14: Measure something important and report on progress
If you commit to thoughtful goals and measures for the intranet and you consistently report on them then people will know you mean business. To get useful metrics you often have to go beyond what an analytics package offers and combine automatic analytics with feedback surveys and anecdotal evidence.
For example, rather than using the number of comments per month as metric, try the average number of comments per active user. You'll need two different pieces of data to produce that metric, but it's a much richer sign of user engagement than just the number of comments.
See our analytics expert Bryan Robertson's post on The New Laws of Intranet ROI for a heady and mathematical look at ROI. Or see our recorded webinar on 5 Approaches to Intranet ROI for a more down-to-earth overview.
The main point: avoid an end point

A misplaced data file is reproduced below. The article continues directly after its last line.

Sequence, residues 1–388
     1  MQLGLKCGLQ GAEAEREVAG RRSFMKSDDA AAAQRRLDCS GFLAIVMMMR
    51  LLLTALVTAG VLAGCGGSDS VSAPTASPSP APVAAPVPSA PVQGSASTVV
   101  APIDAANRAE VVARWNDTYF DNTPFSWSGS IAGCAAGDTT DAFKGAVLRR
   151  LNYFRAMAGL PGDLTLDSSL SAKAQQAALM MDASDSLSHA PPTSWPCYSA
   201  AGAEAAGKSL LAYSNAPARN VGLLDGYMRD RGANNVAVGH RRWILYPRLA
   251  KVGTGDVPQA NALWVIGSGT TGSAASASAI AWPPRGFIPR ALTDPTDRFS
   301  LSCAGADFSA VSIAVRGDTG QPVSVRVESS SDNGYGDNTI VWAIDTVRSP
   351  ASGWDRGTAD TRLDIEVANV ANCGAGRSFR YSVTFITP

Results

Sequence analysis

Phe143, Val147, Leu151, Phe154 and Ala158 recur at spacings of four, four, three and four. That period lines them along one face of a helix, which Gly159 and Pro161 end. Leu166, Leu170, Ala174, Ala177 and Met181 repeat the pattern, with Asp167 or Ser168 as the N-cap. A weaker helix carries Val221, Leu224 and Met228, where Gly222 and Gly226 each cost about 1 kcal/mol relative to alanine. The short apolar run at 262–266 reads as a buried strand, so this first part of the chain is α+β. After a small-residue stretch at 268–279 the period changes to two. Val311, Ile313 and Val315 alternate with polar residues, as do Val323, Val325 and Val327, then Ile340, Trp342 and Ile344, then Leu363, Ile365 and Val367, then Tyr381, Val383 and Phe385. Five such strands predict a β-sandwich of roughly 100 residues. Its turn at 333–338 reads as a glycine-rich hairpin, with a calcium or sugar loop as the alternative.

Andrew Wright (@roojwright), an international man of intranet mastery, recently wrote an excellent article for CMS Wire about The Organic Intranet. Wright's main conclusion was that a good intranet has no project end point, but evolves continually.
I've written all the tips here in the context of shifting from an intranet project to a program. But each tip carries its own merits no matter the larger context. Implementing these tips won't just help you get budget for an ongoing intranet program, it'll help you deliver a useful, successful intranet. That's the real point of this article. And the journey to a good intranet has no end point.
Have questions? Get in touch! We're always happy to hear from you.
June 25, 2013